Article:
Format: Hardcover
Fans of Hamish Macbeth will rejoice! Hamish is back, slightly perturbed by stories that his adored Priscilla will be marrying someone else. He knows they're unsuitable -- but he misses her.
Tall, red-headed Hamish continues to attract women, however, and the local reporter Elspeth has been showing some interest. With her help, he digs into a series of cases that only loosely relate to one another.
A nearby village seems caught up in a sinister spell. A lovely young wife seems to be abused. Residents check into a local nursing home and some seem to check out awfully fast. And villagers report some mysterious action along the jagged coastline.
Hamish loves a mystery but this time his skill may get him the reward he doesn't want: a promotion to a big-city police force, where he'll be lost in the crowd.
Nearly every character in the series -- as well as the reviewers -- call Hamish unambitious, but I think he's a man who's got everything he wants, and he knows it. And on some level, he seems to know he's not destined for marriage (thankfully -- the series would never be the same) and takes comfort in his beloved dog, Lugs.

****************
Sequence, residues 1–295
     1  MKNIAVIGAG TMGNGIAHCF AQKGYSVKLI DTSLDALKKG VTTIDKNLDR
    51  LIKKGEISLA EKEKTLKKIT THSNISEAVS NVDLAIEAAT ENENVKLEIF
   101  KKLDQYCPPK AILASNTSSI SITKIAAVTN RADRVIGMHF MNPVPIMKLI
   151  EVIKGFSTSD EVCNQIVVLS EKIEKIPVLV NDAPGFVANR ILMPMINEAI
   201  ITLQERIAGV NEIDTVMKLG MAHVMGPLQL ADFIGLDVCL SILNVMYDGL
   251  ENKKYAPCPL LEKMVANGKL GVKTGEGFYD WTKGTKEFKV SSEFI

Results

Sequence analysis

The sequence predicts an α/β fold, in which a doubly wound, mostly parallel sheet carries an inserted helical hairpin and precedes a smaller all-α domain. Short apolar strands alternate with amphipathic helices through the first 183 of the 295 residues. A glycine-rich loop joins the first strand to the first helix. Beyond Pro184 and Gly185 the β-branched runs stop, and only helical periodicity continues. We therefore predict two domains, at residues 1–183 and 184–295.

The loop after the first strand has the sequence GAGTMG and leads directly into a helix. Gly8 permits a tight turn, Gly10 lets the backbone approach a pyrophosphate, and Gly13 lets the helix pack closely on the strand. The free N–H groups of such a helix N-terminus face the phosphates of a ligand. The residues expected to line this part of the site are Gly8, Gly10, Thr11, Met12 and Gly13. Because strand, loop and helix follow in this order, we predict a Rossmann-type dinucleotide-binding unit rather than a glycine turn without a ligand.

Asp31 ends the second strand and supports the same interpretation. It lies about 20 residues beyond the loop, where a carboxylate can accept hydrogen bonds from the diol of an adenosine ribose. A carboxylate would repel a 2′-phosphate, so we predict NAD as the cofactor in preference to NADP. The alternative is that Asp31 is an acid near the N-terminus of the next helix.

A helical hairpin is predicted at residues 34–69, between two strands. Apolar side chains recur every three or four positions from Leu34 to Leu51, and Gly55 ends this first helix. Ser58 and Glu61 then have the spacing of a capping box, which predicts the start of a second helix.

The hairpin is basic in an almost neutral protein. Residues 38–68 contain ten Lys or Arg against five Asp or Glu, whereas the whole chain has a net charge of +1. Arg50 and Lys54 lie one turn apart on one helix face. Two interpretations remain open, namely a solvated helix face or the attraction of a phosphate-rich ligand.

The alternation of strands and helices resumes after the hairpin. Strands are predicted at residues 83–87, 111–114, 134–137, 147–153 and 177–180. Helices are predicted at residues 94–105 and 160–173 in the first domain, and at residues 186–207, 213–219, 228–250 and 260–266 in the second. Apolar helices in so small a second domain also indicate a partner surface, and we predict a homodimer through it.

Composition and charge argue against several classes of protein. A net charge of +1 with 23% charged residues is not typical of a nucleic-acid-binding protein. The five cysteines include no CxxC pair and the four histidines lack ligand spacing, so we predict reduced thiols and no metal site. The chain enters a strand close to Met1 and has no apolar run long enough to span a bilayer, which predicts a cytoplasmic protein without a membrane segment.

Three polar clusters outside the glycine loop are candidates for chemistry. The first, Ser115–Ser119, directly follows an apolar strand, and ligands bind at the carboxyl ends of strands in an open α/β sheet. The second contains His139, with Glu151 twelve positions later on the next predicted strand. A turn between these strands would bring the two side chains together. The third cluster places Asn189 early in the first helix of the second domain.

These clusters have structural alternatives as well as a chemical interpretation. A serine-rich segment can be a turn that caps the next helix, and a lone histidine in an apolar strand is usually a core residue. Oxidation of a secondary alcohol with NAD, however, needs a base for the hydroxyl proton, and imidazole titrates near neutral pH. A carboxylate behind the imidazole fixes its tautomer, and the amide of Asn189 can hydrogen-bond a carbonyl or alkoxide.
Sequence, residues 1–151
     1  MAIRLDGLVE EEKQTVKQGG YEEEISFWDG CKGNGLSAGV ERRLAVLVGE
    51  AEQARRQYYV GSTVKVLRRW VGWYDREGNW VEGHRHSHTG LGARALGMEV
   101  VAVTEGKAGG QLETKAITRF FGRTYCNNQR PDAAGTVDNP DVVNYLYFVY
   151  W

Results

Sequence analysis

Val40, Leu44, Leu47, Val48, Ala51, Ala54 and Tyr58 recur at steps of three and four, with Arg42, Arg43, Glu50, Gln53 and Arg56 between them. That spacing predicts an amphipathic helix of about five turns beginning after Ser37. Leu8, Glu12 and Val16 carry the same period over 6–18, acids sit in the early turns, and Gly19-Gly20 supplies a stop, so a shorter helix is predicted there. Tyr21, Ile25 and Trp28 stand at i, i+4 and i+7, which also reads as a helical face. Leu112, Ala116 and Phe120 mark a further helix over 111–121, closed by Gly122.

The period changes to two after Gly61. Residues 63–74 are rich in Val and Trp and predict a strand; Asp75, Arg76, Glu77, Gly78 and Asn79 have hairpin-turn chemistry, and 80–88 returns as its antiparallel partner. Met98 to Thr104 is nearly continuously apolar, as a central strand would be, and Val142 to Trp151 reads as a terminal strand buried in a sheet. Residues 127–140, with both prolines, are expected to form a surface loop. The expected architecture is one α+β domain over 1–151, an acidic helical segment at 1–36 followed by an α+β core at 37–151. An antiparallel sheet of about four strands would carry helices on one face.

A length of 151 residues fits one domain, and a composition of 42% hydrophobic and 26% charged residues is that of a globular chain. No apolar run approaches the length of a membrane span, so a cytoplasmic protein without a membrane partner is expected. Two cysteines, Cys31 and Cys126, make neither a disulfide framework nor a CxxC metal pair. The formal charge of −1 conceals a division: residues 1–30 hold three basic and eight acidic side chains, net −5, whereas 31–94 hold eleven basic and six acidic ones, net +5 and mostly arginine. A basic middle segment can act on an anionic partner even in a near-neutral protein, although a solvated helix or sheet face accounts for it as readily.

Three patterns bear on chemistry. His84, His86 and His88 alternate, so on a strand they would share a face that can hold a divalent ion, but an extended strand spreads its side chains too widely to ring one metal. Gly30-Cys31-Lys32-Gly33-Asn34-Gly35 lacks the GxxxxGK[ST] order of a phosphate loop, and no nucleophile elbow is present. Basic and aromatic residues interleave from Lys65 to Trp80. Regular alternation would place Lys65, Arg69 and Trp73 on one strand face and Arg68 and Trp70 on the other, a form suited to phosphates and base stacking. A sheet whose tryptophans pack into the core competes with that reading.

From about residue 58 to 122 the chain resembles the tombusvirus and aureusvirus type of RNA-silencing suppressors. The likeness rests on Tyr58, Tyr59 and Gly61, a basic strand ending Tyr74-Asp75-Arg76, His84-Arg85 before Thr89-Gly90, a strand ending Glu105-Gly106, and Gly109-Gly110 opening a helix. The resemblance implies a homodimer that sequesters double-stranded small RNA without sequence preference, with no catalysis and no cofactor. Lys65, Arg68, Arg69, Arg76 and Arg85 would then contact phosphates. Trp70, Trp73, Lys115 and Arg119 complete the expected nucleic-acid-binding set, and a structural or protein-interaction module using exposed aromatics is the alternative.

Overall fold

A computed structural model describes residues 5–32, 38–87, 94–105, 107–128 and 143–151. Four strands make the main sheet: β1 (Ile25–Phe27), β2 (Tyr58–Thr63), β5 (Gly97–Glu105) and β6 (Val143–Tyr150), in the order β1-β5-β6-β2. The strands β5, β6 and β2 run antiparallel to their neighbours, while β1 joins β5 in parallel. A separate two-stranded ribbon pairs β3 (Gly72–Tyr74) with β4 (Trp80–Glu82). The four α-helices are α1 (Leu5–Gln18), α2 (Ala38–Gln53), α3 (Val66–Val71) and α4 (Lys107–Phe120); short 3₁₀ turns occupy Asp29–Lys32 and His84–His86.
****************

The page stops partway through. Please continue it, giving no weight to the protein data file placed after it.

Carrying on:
It's easy to dismiss M.C. Beaton's books as light -- and they are -- but she's a solid writer. She creates characters in a sentence or two and even gives them some depth. Her characters have self-defeating flaws as well as heroic virtues. Her books are small but you get a real sense of people and place -- the result of tight, careful writing. On page 233, we learn how Hamish acquired Lugs -- in 3 sentences. Some writers would need 3 pages.
Let's hope we see a few dozen more volumes from this prolific and gifted author.
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Format: Hardcover